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At the end of goal-setting retreat marked by serious policy discussion and civil discourse, a rift emerged Tuesday afternoon between Mayor Jill Techel and Doris Gentry, one of the two councilmembers running to replace her.

The flare-up occurred when the council took up how it could model “fair governance,” with Techel suggesting that it was an unfair advantage for Gentry to be vice mayor this year while running against Councilmember Scott Sedgley to replace her in the November election.

Techel suggested the council debate if Gentry should continue serving in the number two council role during the campaign, citing questions from some residents about Gentry’s use of the title “vice mayor” on her social media pages and other campaign promotional materials.

“I’ve never seen anybody use the title the way it has been used in the past month, and it’s caused me some concern,” Techel said in an interview Wednesday. “If we can do something now and not be dealing with this for 10 months, that will be easier ... and it will keep the campaign away from council functioning.”

Techel, who has served as mayor for the last 16 years, will retire at the end of her term at year’s end, leaving an open seat to be filled in the November election. She announced her retirement last January, on the same day that Sedgley announced his candidacy to succeed her. Gentry entered the race shortly thereafter in March, creating a rare face-off between two council members for the city’s top elected position.

Gentry, who described Techel’s comment as a “sucker punch” and “total surprise” during the meeting, took over the vice mayor position last December at the conclusion of Sedgley’s one-year term.

“It’s my natural turn,” said Gentry, calling the day’s closing event “trickery” and a clear departure from the “respectfulness, congeniality and support” that ordinarily defines the group. “Our City Council doesn’t act like this,” she added in Wednesday’s interview.

The vice mayorship is largely a formality. The vice mayor leads council meetings in the absence of the mayor. Sedgley held the role for the entirety of 2019, overlapping nearly 11 months with his campaign for mayor.

“[Timing] is a good issue for us to talk about in terms of fairness,” Techel said Wednesday. “The real concern will be during the active election season, which begins with the filing period later this summer.”

Though historically council members have voted the person with the most seniority into the role, the transition was less-than-seamless at December’s selection meeting.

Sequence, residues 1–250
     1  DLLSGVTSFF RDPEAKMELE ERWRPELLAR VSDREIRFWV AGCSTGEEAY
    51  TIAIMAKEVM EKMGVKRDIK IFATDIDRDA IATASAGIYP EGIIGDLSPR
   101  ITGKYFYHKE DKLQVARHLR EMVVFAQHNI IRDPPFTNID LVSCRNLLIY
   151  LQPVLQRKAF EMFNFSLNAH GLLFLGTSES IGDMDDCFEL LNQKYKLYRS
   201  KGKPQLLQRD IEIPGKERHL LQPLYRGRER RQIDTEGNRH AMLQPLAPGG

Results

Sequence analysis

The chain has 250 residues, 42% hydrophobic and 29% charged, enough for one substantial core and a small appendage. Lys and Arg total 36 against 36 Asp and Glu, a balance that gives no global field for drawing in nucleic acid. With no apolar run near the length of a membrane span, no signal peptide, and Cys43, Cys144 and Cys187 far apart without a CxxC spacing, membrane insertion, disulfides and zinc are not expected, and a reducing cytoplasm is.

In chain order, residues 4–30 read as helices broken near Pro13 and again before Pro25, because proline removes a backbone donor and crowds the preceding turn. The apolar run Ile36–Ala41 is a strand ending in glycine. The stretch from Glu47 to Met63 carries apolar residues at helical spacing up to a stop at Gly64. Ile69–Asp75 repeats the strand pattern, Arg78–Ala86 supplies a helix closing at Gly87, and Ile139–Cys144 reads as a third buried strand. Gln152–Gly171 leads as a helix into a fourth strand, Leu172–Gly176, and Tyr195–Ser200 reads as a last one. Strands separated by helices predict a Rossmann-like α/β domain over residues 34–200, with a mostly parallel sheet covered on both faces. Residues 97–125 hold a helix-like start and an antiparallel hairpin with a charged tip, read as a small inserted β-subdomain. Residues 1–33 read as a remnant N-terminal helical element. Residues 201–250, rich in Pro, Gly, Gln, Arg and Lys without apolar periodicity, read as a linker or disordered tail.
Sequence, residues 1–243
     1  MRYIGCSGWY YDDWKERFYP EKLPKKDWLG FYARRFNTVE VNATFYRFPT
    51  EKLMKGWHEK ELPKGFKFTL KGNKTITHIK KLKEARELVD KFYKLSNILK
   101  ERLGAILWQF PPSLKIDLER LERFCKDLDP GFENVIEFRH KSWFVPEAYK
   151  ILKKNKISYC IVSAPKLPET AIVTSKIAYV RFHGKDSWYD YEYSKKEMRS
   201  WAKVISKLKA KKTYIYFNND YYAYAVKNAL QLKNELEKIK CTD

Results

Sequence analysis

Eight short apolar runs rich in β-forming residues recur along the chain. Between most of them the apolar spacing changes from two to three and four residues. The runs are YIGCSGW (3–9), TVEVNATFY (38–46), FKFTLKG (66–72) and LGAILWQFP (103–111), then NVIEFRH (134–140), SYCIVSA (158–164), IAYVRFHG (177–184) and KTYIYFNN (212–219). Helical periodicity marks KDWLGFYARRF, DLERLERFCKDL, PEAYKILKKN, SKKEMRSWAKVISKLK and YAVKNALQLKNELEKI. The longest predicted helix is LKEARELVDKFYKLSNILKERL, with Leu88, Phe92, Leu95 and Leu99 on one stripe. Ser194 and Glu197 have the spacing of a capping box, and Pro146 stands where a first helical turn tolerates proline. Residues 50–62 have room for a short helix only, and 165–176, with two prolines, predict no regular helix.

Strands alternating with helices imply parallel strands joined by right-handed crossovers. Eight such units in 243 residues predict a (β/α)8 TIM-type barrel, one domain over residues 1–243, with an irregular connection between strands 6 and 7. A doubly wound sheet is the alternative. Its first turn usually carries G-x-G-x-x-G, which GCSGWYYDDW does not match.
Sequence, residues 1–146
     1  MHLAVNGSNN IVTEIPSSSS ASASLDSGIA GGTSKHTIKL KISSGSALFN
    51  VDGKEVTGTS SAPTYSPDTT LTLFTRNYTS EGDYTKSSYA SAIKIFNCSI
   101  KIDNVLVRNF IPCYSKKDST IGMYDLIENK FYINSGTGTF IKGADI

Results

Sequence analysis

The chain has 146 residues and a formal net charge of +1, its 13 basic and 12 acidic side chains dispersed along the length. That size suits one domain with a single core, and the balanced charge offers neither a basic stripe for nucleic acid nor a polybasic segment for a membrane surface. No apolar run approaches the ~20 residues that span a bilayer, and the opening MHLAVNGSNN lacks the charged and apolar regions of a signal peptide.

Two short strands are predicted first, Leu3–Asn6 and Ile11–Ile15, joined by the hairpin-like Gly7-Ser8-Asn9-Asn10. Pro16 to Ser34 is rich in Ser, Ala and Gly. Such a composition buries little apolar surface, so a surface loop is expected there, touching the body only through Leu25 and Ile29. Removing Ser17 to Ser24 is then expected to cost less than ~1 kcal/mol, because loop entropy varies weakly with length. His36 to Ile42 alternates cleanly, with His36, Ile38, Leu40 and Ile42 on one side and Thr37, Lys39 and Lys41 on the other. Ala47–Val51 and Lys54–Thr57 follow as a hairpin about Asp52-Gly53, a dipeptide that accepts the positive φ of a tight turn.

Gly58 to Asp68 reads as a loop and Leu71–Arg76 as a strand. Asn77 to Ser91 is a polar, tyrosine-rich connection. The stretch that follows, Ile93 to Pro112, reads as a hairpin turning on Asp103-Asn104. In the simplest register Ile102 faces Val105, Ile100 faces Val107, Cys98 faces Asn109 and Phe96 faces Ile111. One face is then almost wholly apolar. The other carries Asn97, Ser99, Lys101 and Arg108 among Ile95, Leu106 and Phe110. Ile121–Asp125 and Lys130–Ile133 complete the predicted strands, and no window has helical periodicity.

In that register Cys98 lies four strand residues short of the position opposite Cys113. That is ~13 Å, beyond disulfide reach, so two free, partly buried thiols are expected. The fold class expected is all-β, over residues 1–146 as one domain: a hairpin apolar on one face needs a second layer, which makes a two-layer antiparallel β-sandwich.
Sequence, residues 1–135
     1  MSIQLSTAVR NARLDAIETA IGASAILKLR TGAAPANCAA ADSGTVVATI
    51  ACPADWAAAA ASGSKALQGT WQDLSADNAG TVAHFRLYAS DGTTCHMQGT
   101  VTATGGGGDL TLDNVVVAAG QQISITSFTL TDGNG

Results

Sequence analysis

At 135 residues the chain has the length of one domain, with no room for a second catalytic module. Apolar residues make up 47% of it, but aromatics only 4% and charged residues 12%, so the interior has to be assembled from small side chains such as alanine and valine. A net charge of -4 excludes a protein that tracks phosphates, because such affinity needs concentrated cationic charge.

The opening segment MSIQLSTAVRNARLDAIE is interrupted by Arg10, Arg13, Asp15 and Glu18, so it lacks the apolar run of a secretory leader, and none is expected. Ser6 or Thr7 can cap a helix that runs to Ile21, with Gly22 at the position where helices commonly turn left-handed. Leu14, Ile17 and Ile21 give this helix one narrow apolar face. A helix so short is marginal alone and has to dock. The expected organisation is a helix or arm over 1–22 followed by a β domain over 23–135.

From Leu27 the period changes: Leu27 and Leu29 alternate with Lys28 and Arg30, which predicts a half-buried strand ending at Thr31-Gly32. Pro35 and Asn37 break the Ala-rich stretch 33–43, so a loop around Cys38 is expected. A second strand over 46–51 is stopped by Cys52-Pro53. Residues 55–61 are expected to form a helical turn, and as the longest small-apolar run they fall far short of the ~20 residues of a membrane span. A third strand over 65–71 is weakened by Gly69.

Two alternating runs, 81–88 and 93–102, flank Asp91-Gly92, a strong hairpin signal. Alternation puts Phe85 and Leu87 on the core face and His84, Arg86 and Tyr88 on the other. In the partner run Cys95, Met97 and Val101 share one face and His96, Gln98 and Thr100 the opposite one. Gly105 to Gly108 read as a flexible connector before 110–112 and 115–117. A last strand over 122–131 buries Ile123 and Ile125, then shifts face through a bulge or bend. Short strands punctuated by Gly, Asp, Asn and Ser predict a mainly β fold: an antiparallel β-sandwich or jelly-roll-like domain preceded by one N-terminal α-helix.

The mayor asked the city clerk to consult the rules to see if someone could serve as vice mayor twice (the answer is yes), before Gentry ultimately nominated herself and was appointed by her colleagues.

Gentry now believes the meeting forecast Techel’s behavior Tuesday.

“All of this is a clear indication that she is driving as hard as she can in any possible legal way to give him (Sedgley) an edge and an advantage,” said Gentry. “It’s big-city politics happening in a little community.”

Techel along with the remaining two members of the council, Liz Alessio and Mary Luros, have endorsed Sedgley for mayor.

“If we want to talk about fair, perhaps we should talk about public endorsements. Maybe they should keep their endorsements in the private ballot box because it creates an unfair advantage the entire time we’re on City Council … fair is fair,” Gentry posited.

For his part, Sedgley remained largely quiet during the conversation, chiming in only to say that he believed this was less about “stripping the title” — a word Gentry used to describe Techel’s proposal — and more about ensuring a “clean campaign” and “effective governance.”

On Wednesday, Sedgley said he could “sympathize” with the idea that the title would be advantageous in a mayor’s race, but that ultimately the task of “serving the community as a council member” wins out.

“I can understand her [Doris’] feelings if she thinks that this was something that was aimed at her specifically ... but I truly don’t believe it was. The mayor’s interest is just trying to keep our business as it should be and focused on what’s in front of us,” he said.

Sedgley said he too was “a bit surprised” by the events that unfolded, but he trusted that the “mayor presented it honestly and in a forthright manner.”

Sedgley shared Gentry’s beliefs that Napa’s City Council has historically dodged the in-fighting that’s become part and parcel of many local governments.

“We’ve worked well together, and we try to leave politics out of it,” he said, noting that the council could decide that “leaving things like title, positions, and authority” out of it might help them govern better.

Surprise aside, Gentry insisted the development won’t “derail” her efforts. “If anything, they poked the bear and raised my hackles. It will make me work wiser, harder and smarter for the next 10 months,” she said.

Debate on whether or not Gentry will continue as vice mayor will be formally added to the agenda of an upcoming council meeting, where the public can weigh in on the matter.

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Feel free to reach Carly Graf at @carlykgraf, cgraf@napanews.com or (713)-817-4692.

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City of Napa reporter

Carly Graf covers Napa city government and community issues. She received her master’s degree from Northwestern University in Chicago. She most recently worked for a news outlet in Buenos Aires, Argentina.